Environews: Growing citizen opposition to Public Lands Initiative

By Amy Brunvand

– By Amy Brunvand

On March 2, the Utah Wilderness Coalition staged a people’s hearing on Congressman Rob Bishop’s (R-UT-1) Public Lands Initiative (PLI), giving a voice to people who were excluded from the official process since PLI hearings were never held on the Wasatch Front where more than 90% of Utah’s population lives.

More than 600 people overflowed an auditorium at the University of Utah where empty chairs were set up on the stage to represent the absent Utah congressional delegation. Attendees took turns at the microphone expressing opposition to the draft PLI, to cheers and applause. Students from Utah universities and high schools followed up with an open letter to Utah’s congressional delegation that reads, “Our generation has the most at stake in ongoing decisions facing Utah’s redrock wild lands. Not only are we avid users of this land, but we will inherit any adverse consequences that will arise from short-sighted decisions made by the current generation of elected officials.” The Native American Bears Ears Coalition withdrew from the PLI process in January due to disrespectful treatment by Utah congressmen.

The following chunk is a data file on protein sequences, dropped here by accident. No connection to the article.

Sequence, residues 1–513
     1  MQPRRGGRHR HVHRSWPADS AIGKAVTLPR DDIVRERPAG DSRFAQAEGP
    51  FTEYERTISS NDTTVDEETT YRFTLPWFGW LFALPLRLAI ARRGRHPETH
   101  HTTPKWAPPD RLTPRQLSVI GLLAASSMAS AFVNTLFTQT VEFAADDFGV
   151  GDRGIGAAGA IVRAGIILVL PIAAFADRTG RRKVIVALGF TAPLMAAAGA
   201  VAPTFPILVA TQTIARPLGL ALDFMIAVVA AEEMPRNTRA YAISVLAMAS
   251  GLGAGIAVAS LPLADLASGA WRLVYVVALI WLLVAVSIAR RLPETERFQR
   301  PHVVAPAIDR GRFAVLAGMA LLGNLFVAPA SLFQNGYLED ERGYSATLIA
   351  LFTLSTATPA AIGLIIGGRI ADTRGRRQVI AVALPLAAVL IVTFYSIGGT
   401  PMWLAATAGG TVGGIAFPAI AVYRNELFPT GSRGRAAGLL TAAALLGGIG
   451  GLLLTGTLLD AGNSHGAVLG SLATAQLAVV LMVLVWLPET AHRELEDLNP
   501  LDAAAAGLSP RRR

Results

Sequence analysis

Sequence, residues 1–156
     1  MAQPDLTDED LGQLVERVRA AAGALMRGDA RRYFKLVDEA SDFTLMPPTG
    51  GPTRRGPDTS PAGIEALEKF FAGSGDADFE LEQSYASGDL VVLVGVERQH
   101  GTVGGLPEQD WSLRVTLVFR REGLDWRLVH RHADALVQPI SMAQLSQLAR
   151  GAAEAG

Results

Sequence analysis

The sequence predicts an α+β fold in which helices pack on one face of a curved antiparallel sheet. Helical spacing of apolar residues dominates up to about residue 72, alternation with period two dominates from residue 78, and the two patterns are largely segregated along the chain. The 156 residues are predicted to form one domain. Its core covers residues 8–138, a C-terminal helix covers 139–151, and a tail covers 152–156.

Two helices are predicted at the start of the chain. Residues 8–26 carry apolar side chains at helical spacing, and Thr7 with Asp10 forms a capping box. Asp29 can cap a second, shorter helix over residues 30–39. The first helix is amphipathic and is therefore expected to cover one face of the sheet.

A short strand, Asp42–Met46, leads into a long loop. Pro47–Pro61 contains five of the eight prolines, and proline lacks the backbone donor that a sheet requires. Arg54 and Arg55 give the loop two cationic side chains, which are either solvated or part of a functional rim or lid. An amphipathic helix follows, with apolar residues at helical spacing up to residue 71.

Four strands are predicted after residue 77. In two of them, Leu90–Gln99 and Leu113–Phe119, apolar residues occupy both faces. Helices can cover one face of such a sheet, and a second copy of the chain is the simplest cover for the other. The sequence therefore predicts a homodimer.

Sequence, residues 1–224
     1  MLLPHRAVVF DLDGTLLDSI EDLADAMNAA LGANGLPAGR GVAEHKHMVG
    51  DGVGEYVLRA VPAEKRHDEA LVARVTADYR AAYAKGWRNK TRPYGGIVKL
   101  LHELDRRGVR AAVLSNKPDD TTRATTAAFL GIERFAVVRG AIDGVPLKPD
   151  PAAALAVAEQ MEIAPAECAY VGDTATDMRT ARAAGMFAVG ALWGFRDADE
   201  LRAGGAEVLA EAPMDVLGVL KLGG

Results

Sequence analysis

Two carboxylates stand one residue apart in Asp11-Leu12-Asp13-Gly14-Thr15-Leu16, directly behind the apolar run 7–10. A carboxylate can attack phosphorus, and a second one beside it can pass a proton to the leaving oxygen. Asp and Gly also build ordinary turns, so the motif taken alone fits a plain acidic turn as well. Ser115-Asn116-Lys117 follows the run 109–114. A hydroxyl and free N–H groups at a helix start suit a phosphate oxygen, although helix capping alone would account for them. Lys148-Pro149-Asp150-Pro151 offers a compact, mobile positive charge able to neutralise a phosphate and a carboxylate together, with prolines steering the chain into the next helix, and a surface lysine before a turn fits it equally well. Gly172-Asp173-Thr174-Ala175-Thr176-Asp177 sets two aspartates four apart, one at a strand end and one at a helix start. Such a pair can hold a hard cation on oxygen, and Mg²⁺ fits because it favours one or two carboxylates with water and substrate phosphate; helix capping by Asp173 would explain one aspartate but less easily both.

Citizen’s Hearing on the PLI: suwa.org/over-600-utahns-pack-citizens-hearing/


More April 2016 Environews:

Utah Legislature, 2016 Environmental Round Up

The 2016 General Session of the Utah Legislature ended on March 10. A few good bills passed, but, mostly, environmental causes suffered

Great Salt Lake dustbowl?

A new report by researchers at Utah State University says that proposed development of the Bear River could turn the Great Salt Lake into an environmental catastrophe like the Aral Sea or Owens Lake

Alternative to Lake Powell Pipeline

Washington County needs water, but not as much as Lake Powell Pipeline advocates claim

Collaboration is the answer to public lands issues

In March, the Wallace Stegner Center released a fourth report analyzing the transfer of public lands idea, which has this to say: “Respectful dialogue, collaborative relationships, adequate agency funding, and locally supported land exchanges can address many of the problems responsible for frustration over public land management, especially if coupled with programs to help rural communities transition to a more sustainable future

This article was originally published on April 5, 2016.